Brown: Championing a coordinated global structure for the financial services industry.
Prime minister Gordon Brown has been ridiculed in the British press for calling for a new Bretton Woods summit. He has been accused of political posturing at home, as well as grandstanding on the world stage. Brown engineered a British bank bailout scheme that served as a pattern for European and US bank recapitalizations. He also announced government guarantees for interbank loans to get credit flowing again. But his domestic critics say the British economy is in a mess, largely as the result of errors Brown made as chancellor of the Exchequer.
Brown’s ideas are getting a much better reception abroad than they are in the UK. First, EU leaders last month agreed at a summit in Brussels to back Brown’s call for a new global financial order founded on transparency and responsibility. “I think that what we are looking for is an International Monetary Fund that is more like an independent central bank,” Brown said at the EU summit. He called for a cross-border mechanism to monitor the world’s 30 largest financial institutions.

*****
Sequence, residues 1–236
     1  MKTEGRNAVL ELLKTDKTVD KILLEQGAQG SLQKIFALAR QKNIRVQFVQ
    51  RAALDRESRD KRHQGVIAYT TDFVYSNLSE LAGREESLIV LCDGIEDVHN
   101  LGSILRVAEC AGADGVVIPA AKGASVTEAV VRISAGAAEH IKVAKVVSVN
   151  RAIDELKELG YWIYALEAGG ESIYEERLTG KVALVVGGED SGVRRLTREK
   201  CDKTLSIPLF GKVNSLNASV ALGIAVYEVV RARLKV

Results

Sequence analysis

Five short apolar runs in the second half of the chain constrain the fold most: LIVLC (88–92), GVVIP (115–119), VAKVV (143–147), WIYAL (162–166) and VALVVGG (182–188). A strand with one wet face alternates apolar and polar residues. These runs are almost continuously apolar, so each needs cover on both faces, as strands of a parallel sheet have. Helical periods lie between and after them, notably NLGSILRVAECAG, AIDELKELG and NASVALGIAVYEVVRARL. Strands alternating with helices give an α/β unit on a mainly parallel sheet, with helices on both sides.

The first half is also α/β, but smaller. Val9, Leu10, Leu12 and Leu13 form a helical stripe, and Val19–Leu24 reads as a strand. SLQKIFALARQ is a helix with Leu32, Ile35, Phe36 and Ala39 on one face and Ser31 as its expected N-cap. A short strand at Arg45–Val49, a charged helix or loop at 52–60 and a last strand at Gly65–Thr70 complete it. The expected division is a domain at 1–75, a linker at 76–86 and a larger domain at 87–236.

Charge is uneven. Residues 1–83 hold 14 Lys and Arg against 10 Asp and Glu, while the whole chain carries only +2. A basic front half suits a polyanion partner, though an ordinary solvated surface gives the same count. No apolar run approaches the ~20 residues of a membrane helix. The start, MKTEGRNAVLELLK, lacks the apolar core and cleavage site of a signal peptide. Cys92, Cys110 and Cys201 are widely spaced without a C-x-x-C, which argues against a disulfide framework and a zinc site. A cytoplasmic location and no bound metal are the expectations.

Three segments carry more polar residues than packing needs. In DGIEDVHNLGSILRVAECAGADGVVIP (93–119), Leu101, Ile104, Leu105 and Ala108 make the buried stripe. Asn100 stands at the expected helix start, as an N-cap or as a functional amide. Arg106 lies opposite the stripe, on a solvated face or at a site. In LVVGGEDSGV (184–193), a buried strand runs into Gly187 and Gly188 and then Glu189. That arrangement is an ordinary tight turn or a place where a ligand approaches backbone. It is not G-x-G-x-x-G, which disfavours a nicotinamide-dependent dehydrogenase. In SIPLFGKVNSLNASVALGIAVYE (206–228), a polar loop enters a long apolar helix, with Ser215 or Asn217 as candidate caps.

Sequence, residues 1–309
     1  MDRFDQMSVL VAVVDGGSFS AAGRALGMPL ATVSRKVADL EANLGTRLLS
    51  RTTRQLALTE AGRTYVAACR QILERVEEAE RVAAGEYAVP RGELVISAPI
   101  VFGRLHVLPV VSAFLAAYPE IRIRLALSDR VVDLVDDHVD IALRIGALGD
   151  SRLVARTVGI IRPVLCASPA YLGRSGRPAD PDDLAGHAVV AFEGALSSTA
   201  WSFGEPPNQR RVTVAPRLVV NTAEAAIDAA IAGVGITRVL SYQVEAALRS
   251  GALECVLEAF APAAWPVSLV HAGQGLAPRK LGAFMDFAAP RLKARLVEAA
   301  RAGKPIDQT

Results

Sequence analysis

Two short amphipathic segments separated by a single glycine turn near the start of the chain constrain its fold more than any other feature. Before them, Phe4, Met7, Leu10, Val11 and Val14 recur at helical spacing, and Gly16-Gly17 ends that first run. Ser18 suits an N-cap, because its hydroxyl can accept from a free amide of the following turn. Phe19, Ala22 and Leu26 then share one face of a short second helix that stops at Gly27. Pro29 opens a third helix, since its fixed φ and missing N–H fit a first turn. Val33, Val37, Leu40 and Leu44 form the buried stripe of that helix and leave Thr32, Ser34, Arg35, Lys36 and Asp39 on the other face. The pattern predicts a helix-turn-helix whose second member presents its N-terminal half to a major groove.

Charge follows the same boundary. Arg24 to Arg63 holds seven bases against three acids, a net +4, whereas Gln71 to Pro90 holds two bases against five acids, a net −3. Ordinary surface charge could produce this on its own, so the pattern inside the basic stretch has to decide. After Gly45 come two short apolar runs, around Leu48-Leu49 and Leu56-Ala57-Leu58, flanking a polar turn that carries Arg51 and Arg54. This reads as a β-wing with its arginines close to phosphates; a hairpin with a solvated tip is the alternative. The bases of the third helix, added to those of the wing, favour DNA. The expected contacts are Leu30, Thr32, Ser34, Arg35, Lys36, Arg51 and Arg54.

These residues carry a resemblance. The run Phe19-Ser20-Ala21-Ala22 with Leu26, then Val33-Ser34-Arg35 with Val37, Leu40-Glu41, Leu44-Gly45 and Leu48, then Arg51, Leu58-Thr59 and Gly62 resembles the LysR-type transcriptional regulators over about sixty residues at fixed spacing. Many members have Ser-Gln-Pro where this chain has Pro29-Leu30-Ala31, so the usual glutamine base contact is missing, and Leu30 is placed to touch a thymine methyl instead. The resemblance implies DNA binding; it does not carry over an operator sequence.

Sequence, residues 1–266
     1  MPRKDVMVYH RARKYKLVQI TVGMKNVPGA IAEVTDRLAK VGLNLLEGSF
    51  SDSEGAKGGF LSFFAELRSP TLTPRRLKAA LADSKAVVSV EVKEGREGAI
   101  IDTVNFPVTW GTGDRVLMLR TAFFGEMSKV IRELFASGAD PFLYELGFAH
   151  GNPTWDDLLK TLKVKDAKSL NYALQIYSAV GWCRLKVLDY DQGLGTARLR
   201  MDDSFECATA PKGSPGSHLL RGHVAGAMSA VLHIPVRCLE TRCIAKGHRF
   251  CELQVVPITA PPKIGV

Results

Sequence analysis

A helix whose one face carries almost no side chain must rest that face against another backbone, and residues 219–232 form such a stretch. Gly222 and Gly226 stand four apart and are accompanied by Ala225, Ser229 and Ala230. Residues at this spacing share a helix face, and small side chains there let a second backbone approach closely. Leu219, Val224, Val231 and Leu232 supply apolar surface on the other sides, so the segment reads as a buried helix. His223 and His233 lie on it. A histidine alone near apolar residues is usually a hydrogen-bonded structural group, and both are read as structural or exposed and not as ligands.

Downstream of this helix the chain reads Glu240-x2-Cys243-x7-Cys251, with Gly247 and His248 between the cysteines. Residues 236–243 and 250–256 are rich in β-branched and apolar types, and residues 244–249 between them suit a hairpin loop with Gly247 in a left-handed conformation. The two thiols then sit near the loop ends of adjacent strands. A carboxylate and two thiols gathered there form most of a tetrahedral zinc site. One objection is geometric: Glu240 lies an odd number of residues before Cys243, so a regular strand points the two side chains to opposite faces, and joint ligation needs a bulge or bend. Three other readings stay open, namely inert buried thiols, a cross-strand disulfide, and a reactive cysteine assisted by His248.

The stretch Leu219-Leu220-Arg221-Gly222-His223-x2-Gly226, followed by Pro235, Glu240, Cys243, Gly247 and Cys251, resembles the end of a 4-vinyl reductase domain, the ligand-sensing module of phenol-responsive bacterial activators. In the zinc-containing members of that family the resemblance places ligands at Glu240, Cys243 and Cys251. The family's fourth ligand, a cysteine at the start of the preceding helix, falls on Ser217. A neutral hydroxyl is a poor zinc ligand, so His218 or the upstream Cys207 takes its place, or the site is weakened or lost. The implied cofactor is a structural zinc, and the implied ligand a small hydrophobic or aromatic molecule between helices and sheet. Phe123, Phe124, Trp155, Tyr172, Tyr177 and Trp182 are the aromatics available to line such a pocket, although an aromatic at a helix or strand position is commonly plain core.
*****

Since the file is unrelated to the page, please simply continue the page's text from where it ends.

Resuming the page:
Then, EU leaders convinced US president George Bush in a meeting at Camp David on October 18 to host world leaders at an economic summit, perhaps as early as this month, to reform the world financial system. “We will work to strengthen and modernize our nations’ financial systems so we can help ensure that this crisis doesn’t happen again,” Bush said. The meeting of heads of developed and developing countries will be held in the US soon after the November 4 general election.
Say what you may about Gordon Brown, a consensus has developed on the need for cooperation and coordination at the very least as a result of the global financial crisis.